The repercussions threaten to affect an ambitious central-government project, imperial in scale, to transfer vast amounts of water from the south to the parched north of the country. China has already invested 137 billion yuan ($22 billion) in what it calls the South-North Water Diversion Project, and is set to invest another 64 billion yuan this year. The idea is to pump water from the Yangzi river northward through pipes and canals along three separate routes. Priority is given to the eastern route, which by 2014 is expected to bring 1 billion cubic metres of water a year to Beijing—a quarter of the capital’s annual supply.  From its inception, the vast scheme has suffered both delays and criticism. One concern has been the cost, both of the initial construction and of the expense of pumping so much water over such distances. The project has also required that at least 330,000 residents along its course accept being relocated.

The river systems of Yunnan and Guizhou figure only modestly in the planned supply chain of the South-North Water Diversion Project. But if the causes of the drought in these provinces have to do with changing global climate patterns, the main assumption underlying the project—that of permanent water abundance in the south—may not hold up.  Liu Xiaokang of the Yunnan Green Environment Development Foundation, an NGO in Kunming, believes the causes are mixed. Global climate may be affecting patterns of precipitation, he says. But his group also notes that the parts of Yunnan that are hardest hit are those where development has been fastest and deforestation most extensive.  Marco Gemmer of China’s National Climate Centre says droughts across southern China are linked to changing patterns in other parts of the world, such as anomalies in the Arctic oscillation or in the ocean current La Niña. Short-term droughts have occurred in the region for all of recorded history, but they may now occur with far greater frequency.  His colleague, Professor Jiang Tong, warns of problems with the transfer project if both south and north suffer drought at the same time. The situation, he adds, is complicated by the Yangzi’s Three Gorges dam. It provides massive amounts of hydroelectricity to the Yangzi basin. He is concerned about what will happen should Shanghai need more power at the same time that Beijing needs more water.

Water Shortages: Ms Fang’s parched patch, Economist, April 14, 2012, at 56

The Silicon Valley of Water: innovation, not scarcity

Israel wants to become the Silicon Valley of water technology. The conditions are ripe: the country has plenty of scientists, an entrepreneurial culture and a desperate shortage of fresh water. Netafim, one of the world’s biggest “blue-tech” firms, got its start on a kibbutz in the Negev desert. Intrigued by an unusually large tree, an agronomist discovered that a cracked pipe fed droplets directly to its roots. After much experimentation the firm was founded in 1965 to sell what has become known as drip irrigation. Today it boasts annual sales of over $600m and a global workforce of 2,800.  In 2006 the Israeli government launched a programme to support water companies, for instance by helping them to market their products abroad. It also created (and later privatised) Kinrot Ventures, the world’s only start-up incubator specialising in water technologies.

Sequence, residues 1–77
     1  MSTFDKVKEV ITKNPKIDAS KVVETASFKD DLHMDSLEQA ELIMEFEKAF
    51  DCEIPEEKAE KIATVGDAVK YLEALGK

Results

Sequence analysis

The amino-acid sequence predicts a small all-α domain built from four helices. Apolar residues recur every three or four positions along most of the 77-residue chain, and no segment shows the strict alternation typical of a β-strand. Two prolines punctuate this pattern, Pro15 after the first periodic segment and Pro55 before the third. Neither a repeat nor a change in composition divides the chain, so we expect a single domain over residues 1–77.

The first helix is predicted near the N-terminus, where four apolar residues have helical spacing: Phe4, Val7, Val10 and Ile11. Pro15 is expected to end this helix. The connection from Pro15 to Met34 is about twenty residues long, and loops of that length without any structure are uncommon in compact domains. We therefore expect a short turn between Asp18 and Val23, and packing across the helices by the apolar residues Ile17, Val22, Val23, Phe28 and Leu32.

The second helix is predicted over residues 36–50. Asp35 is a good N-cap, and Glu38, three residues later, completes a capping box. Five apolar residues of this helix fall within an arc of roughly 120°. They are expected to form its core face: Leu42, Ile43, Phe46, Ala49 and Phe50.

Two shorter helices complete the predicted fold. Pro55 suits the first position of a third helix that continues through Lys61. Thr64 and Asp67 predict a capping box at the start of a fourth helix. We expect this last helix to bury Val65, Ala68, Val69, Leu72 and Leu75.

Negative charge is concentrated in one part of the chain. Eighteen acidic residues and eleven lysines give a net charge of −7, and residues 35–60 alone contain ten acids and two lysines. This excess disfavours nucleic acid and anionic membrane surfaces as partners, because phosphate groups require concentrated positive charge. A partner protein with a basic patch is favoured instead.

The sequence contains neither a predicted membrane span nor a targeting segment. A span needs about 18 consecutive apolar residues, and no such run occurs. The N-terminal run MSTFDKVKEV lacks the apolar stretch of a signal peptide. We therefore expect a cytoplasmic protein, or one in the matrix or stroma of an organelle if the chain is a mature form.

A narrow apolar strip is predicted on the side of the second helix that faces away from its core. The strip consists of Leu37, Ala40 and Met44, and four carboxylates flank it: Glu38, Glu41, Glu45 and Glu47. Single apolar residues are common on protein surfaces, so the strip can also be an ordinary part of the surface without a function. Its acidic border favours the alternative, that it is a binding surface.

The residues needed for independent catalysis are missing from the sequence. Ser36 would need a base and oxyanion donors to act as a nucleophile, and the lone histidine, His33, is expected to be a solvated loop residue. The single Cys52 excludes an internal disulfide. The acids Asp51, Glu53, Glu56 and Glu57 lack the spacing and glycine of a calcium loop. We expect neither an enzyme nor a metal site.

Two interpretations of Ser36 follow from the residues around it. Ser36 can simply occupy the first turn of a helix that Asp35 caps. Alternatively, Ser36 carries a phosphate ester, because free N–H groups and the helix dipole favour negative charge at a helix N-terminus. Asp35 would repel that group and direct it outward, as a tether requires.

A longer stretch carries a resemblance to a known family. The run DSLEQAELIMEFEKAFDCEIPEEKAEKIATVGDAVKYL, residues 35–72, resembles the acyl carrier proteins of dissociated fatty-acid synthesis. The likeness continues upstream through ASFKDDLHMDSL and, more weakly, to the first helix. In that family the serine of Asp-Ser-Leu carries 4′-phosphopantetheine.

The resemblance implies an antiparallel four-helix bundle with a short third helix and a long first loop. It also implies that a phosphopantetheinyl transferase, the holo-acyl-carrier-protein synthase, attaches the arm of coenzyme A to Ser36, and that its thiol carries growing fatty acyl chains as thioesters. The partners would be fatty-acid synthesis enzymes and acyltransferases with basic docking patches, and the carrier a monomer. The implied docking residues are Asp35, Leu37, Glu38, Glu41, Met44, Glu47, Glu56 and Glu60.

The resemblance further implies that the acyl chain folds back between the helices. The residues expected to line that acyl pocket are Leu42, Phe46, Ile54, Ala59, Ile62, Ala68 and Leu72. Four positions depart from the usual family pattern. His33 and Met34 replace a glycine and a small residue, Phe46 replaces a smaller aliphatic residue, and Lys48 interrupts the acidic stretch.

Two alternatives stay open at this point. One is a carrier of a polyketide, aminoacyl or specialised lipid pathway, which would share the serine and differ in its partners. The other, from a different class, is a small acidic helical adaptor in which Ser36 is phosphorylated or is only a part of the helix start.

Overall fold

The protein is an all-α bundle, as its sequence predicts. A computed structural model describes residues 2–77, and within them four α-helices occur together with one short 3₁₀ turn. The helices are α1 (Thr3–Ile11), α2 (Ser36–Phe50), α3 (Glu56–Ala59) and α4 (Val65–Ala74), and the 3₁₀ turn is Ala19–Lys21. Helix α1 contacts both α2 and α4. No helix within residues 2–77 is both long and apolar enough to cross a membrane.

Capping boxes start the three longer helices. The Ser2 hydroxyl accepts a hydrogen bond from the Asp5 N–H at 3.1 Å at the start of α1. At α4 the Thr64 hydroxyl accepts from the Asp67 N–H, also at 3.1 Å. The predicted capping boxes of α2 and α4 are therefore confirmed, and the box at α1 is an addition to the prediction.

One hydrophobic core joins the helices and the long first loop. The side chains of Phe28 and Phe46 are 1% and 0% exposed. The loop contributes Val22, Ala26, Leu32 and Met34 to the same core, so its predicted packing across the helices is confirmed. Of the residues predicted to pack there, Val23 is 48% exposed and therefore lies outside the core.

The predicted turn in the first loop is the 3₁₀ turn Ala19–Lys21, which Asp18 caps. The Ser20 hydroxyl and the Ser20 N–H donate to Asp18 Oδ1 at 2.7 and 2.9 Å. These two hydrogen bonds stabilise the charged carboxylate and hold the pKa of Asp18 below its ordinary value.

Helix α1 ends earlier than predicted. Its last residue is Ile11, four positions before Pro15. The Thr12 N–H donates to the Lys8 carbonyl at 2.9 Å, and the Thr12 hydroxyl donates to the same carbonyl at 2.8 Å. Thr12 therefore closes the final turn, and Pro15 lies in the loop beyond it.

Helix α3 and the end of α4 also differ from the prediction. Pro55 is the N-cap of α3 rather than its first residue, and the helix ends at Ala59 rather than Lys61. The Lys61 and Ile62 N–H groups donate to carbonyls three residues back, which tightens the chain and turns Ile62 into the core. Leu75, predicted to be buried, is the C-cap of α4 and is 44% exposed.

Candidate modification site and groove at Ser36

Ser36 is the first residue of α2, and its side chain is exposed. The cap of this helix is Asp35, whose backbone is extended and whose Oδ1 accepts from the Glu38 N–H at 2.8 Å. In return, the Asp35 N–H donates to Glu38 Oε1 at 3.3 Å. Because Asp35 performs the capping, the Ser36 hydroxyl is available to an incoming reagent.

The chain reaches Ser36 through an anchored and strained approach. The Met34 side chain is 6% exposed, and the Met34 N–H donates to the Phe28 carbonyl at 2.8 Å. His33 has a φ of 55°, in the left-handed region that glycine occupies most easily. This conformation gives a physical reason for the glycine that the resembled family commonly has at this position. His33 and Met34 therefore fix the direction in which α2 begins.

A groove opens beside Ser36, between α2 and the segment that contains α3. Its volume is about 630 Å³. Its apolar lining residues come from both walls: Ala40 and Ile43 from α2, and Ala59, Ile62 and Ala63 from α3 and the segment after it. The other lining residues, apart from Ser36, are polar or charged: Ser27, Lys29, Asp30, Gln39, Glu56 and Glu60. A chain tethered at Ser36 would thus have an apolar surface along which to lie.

A new crop of water-tech firms is emerging, many of them started by computer-industry veterans. “I wanted to invent more than just a new ringtone,” says Elad Frenkel, the boss of Aqwise, a firm that provides gear and expertise to build wastewater treatment plants. Facilities based on the firm’s technologies feature what it calls “biomass carriers”, thimble-sized plastic structures with a large surface area. In wastewater pools they give bacteria more space to grow and thus allow biological contaminants to be consumed more quickly.

Emefcy, a start-up, is also in the wastewater business. It aims to reduce the energy required to clean water, which currently gobbles up 2% of the world’s power-generating capacity. One of its products uses special “electrogenic” bacteria to turn wastewater pools into batteries of sorts. If they work as planned, they could generate more electricity than is needed to treat the wastewater.

The mission of TaKaDu, another start-up, is to discover leaks in a water-supply network, sometimes before they happen. It does this by sifting through the data generated by the network’s sensors to look for anomalies. Even a 1% change in flow rate, if persistent, can point to a leak. TaKaDu’s detection engine is now monitoring water-supply systems in a dozen places, including London and Jerusalem.

Israel still has far to go, however, before it can truly call itself the Silicon Valley for water. Its domestic market is small. Its neighbours, though also desperate for water, are for some reason reluctant to seek help from Israelis. Elsewhere in the world, competition is stiff. Singapore also wants to be a water-tech hub. In developing economies, local players are strong and margins thin. And in America, water is often underpriced and sometimes not even metered.

The Silicon Valley model may not fit the water industry. Venture capitalists are always in a hurry, but water markets are cautious. “You can have bugs in a piece of software, but no bacteria in a water system,” says Jonathan Kolodny of McKinsey, a consultancy. Yet the environment is growing more favourable, says Ori Yogev, the chairman of White Water, whose products monitor water quality. Thanks to new rules as well as privatisation, water utilities are more open to new ideas. This is good news, says Amir Peleg, the chief executive of TaKaDu. “It’s not the water that is scarce, but innovation.”

Excerpts, Water technology: Striking the stone, Economist, May 14, 2011, at 81